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South Korea Eyes Top UN Job

It is the first time a South Korean will run for the post of secretary-general. Ban Ki-moon has been South Korea's foreign minister since January 2004. The 61-year-old career diplomat served as South Korea's ambassador to the U.N. for 10 years. Copyright AFP
by Jong-Heon Lee
Seoul, SKorea (UPI) Feb 14, 2006
South Korea has kicked off a campaign to make a native son one of the most influential figures in the international community.

Foreign Minister Ban Ki-moon, who declared his candidacy for secretary-general of the United Nations Tuesday, said his election would help ease the years-long standoff over North Korea's nuclear weapons program, which has raised tensions in the region.

He also vowed, if elected, to use his 36 years of diplomatic experience to resolve other pressing global conflicts and reform a U.N. damaged by the mishandling of the Iraqi oil-for-food program and other scandals.

"If I am elected U.N. secretary-general, it is expected (I) play a positive role in resolving the North Korean nuclear issue," Ban told a press conference held after the government unveiled its push to install him in the top U.N. post.

"The United Nations must promote a systematic and structural reform. The reform must also be permanent and easily adoptable to the challenges of the international society," Ban said.

"The (Seoul) government has decided to recommend me as a candidate for U.N. secretary-general in order to contribute better to the United Nations with our enhanced national power and public support, and I humbly accept it, and seek continued support," Ban said.

It is the first time a South Korean will run for the post of secretary-general. Ban has been South Korea's foreign minister since January 2004. The 61-year-old career diplomat served as South Korea's ambassador to the U.N. for 10 years.

Ban said he recently sent letters to his counterparts in 190 other U.N. member nations and North Korea to explain his aspirations for the job.

"I have received positive feedback from them. They like the fact that we have approached this in a low-key manner," he said.

Ban was designated as the country's candidate for the U.N. post four months ago, but official declaration has been delayed as part of the government's "low-key" campaign strategy. Officials said an early candidate announcement could trigger mudslinging and harsh media scrutiny.

Hours ahead of Ban's press conference, the government announced that it would present Ban as a candidate to replace Kofi Annan, whose second five-year term expires at the end of the year.

Ban "brings to his candidacy nearly four decades of extensive experience and an untarnished reputation as a diplomat and administrator, much of it directly related to issues of peace and security, development and human rights and democracy, the three pillars on which the United Nations stands," the Foreign Ministry said in a statement.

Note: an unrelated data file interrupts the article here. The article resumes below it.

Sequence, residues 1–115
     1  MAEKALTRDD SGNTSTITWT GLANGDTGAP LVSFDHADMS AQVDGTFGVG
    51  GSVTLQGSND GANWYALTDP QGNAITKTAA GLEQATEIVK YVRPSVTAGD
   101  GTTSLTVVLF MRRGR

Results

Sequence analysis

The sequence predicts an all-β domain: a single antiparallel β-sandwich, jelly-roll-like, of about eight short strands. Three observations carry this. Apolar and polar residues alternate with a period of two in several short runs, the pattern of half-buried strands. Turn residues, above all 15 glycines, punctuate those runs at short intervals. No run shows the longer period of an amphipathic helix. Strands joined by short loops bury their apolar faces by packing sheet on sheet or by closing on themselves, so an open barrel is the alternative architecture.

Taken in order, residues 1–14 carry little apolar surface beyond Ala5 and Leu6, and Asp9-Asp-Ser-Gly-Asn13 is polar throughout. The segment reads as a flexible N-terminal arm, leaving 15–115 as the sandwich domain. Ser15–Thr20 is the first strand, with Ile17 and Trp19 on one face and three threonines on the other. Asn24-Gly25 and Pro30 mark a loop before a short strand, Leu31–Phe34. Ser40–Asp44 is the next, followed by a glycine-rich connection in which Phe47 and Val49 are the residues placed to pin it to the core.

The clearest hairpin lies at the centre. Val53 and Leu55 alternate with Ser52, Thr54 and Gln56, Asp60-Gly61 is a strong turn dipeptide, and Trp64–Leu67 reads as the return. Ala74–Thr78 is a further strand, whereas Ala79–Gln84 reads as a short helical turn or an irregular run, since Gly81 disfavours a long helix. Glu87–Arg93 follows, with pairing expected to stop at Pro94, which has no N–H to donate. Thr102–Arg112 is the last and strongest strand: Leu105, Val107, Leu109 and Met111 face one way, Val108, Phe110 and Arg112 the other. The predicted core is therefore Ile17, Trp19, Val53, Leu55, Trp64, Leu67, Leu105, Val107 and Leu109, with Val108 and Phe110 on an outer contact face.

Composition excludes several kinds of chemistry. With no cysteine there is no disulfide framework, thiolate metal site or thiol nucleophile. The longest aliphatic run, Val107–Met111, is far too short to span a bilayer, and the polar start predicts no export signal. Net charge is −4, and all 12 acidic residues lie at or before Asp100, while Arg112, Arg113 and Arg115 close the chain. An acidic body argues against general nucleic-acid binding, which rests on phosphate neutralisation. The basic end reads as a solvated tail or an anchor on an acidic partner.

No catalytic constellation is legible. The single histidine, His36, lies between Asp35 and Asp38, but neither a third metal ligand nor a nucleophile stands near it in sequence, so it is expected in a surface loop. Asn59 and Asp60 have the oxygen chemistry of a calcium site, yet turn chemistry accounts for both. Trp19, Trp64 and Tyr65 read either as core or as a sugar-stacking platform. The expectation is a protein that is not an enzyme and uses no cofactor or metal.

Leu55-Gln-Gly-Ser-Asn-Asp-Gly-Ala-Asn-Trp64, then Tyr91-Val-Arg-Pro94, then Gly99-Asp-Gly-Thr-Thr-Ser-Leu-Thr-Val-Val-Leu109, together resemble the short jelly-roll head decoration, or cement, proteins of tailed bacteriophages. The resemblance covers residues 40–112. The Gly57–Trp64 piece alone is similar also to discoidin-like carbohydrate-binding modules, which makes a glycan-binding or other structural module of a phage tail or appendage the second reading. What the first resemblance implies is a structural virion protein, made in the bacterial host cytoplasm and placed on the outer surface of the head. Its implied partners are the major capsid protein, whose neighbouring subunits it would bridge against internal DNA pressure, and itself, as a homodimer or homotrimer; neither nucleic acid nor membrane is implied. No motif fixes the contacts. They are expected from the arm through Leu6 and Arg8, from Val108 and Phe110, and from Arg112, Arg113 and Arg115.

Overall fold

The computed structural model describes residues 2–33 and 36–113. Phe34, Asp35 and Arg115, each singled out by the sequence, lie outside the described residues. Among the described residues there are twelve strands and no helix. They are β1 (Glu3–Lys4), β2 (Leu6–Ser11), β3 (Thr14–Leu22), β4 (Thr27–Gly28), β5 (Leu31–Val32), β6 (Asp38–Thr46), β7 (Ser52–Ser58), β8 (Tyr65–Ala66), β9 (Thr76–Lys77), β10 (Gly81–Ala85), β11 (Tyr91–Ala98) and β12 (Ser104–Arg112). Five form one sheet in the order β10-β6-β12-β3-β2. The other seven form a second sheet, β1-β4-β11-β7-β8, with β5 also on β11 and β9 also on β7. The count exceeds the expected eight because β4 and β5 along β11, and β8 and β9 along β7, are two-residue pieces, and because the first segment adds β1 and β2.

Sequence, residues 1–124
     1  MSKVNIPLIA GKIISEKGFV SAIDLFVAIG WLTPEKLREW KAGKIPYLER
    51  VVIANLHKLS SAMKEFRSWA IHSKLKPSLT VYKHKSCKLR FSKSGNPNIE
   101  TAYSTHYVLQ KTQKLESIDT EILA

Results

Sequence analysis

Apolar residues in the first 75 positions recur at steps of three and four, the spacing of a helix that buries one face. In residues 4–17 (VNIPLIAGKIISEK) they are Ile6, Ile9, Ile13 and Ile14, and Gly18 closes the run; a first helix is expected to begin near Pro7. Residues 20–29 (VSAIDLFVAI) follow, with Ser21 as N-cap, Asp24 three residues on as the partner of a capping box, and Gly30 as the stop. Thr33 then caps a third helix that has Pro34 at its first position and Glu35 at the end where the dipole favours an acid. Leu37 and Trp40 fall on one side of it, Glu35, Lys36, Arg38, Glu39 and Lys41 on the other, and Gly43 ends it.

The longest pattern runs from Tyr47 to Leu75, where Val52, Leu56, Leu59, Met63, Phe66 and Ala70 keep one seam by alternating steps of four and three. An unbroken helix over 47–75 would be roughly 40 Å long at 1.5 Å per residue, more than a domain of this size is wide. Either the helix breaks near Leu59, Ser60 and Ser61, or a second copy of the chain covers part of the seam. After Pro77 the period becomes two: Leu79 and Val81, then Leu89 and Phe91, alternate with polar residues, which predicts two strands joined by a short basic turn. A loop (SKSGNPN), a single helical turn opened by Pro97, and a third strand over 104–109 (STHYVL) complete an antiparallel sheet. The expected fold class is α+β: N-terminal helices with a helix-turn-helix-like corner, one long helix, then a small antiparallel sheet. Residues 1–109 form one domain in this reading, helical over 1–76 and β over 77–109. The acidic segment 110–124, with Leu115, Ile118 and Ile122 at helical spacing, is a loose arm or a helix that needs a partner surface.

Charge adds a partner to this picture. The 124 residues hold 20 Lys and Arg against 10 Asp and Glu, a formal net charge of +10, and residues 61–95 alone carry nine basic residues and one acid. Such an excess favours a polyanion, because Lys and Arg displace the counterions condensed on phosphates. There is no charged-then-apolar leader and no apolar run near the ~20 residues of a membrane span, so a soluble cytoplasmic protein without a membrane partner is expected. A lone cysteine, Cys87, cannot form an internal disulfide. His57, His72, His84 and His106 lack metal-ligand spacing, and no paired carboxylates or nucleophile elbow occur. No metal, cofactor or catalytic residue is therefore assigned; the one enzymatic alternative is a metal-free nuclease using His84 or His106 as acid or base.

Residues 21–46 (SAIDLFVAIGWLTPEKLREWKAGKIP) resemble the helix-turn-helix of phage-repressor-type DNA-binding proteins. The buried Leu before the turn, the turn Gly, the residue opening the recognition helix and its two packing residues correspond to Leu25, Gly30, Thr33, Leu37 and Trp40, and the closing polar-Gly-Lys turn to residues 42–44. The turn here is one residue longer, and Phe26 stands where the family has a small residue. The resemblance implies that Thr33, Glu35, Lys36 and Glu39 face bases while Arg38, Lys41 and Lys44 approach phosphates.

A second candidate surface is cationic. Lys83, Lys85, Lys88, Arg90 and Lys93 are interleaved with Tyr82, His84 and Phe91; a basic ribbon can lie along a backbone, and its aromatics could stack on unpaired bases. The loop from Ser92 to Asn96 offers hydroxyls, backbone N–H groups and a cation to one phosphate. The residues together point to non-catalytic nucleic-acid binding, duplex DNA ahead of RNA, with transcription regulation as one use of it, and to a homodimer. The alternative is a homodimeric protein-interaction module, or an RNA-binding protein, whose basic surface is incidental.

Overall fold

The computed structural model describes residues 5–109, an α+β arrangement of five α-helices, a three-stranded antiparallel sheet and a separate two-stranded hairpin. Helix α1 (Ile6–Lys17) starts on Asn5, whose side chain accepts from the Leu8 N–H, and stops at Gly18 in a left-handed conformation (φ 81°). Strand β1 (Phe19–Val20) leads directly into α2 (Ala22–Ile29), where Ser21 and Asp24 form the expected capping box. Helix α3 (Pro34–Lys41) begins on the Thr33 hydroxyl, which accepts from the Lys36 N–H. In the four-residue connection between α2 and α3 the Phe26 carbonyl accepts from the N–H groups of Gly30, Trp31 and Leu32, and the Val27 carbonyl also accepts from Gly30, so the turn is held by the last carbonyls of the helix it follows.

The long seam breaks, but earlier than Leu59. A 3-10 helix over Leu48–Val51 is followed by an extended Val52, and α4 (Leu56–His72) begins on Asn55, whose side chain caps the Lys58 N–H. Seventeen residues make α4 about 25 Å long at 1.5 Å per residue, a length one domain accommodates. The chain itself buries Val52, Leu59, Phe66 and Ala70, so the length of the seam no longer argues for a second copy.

South Korea believes Ban would make a major contribution to fortifying and reforming the U.N., it said.

Seoul officials expressed confidence in Ban's nomination. South Korea's unique achievement of building the world's 11th-largest economy on the ruins of the 1950-53 Korean War should help their candidate. However, the divided Korean peninsula technically remains in a state of war as the Korean War ended with an armistice, not a peace treaty.

"A U.N. secretary-general hailing from a divided country would send a meaningful message to the world," said Park Su-gil, former South Korean ambassador to the U.N. "South Korea has played a key role in defusing the North Korean nuclear crisis. This will help Ban win the U.N. post."

Ban has been instrumental in the six-country talks aimed at ending North Korea's nuclear weapons program.

Officials said the U.N. tradition that calls for the regional rotation of the post would also help Ban's bid, noting that the successor to Annan -- who hails from Ghana -- is almost certain to come from Asia.

The so-called regional rotation has heightened competition in Asia. Two Asian contenders have already declared their bids for the top U.N. post -- Thai Deputy Prime Minister Surakiart Sathirathai and Sri Lankan peace negotiator Jayantha Dhanapala.

Among the other likely candidates are East Timor Senior Minister for Foreign Affairs Jose Ramos-Horta, former Polish President Aleksander Kwasniewski and Latvian President Vaira Vike-Freiberga.

The policy of regional rotation has been challenged by the United States and Britain, but is strongly backed by China. On Tuesday, the Chinese Embassy in Seoul reaffirmed its government's stance that the new U.N. secretary-general should be from an Asian country.

Annan also said his successor should come from Asia. "On the question of the next secretary-general, I think it is generally accepted among the membership that it is Asia's turn," he told an earlier press conference.

Source: United Press International

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